Example Bicycle Accident Cases
Shelby County and County Bridge Inspectors Fail to Properly Inspect and Maintain County Bridge
D.H. was a competitive bicyclist who was riding in preparation for a cross-country fundraising ride. In the spring of 2010, D.H. was riding across an old steel-grated deck bridge in Shelby County when he hit a hole in the bridge and flipped over the handlebars of his bike. The impact to the bridge decking caused severe injuries to his face, teeth, tongue, and elbow.
Other attorneys had investigated this case and turned it down due to Indiana contributory negligence laws. D.H. retained Stephenson and Rife, who immediately starting performing a detailed investigation into the background of the bridge. Through the investigation, they were able to learn that as early as 1998, the bridge inspection reports showed the bridge in question needed to be replaced within five years, or by 2003. Because of the poor condition of the bridge, inspectors recommended the county inspect the bridge every six months, rather than the statutory requirements of every two years. The county never authorized additional inspections. The county obtained $844,000 in funding for the replacement of the bridge in 2000, but the Historical Society and adjacent property owners wanted the bridge repaired rather than replaced.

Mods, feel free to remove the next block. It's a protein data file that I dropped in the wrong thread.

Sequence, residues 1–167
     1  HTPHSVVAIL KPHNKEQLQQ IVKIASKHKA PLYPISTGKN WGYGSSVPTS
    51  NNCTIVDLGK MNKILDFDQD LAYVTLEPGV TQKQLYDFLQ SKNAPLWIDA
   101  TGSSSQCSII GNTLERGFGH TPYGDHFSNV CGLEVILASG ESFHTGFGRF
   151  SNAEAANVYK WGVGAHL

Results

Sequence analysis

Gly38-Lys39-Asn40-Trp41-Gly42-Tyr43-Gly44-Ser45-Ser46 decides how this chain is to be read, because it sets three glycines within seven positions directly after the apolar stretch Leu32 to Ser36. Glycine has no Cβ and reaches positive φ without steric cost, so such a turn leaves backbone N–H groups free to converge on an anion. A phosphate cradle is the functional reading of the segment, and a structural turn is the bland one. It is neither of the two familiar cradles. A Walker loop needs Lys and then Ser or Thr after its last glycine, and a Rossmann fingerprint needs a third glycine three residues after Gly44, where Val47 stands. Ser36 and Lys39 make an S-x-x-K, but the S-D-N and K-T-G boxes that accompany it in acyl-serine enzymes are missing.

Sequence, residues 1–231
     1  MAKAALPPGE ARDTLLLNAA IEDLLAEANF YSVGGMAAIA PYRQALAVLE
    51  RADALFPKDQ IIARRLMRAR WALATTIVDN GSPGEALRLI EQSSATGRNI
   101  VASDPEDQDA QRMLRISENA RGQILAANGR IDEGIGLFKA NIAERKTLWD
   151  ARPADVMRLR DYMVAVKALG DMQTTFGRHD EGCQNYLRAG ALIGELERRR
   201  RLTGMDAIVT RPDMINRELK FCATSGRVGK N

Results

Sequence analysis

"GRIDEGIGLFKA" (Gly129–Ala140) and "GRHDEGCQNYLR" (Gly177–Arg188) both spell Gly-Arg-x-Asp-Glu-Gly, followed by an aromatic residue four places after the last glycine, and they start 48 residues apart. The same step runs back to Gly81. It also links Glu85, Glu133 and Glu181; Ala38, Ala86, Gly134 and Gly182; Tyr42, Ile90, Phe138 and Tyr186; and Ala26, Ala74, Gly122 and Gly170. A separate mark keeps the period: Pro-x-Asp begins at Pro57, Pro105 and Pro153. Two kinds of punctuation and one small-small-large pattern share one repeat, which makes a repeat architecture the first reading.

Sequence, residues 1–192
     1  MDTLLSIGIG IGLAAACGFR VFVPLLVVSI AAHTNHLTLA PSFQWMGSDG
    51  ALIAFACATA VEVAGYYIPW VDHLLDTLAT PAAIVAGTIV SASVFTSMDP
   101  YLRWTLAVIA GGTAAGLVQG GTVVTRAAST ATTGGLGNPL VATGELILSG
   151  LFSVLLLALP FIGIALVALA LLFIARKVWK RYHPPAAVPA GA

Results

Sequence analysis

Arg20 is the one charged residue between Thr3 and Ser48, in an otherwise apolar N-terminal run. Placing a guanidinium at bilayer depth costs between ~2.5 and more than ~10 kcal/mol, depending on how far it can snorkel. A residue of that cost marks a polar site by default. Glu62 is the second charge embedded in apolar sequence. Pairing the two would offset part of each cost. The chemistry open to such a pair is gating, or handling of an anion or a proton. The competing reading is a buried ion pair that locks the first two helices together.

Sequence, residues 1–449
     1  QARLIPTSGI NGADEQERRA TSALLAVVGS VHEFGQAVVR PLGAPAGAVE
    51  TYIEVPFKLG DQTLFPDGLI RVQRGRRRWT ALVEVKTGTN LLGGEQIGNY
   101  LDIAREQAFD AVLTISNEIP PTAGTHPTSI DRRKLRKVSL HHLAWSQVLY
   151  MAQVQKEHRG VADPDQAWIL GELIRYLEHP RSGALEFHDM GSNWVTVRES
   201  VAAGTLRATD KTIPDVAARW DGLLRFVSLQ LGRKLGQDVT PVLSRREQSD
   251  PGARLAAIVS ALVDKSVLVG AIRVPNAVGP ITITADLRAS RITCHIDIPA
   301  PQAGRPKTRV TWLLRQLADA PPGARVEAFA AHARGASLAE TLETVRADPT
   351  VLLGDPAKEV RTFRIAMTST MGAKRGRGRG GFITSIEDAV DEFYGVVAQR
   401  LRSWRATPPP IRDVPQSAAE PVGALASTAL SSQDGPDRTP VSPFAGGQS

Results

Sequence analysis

Rather than battle the opponents head on, the county commissioners tabled the matter for months or years at a time, not making any decision on whether to repair the bridge or replace it.
A new bridge inspection company was hired by the county in 2006. Again, it recommended that the bridge be replaced no later than 2007, and that it be inspected twice a year. In 2008, the inspection company took several pictures of broken welds in the bridge and decking and said that the bridge had deteriorated, but did not recommend repairing the broken welds. The county obtained additional funding in 2008. No bridge inspection was done in 2009.
D.H. was not aware of any issues with the bridge. There were no warning signs for pedestrians or bicyclists. D.H. was bicycling across the bridge with his uncle when he hit a hole in the bridge, flipped over the handlebars, and was severely injured. Stephenson and Rife hired multiple experts who helped establish this crash could have been avoided if the inspectors and county had done their jobs. Shortly before trial, the case settled for $335,500.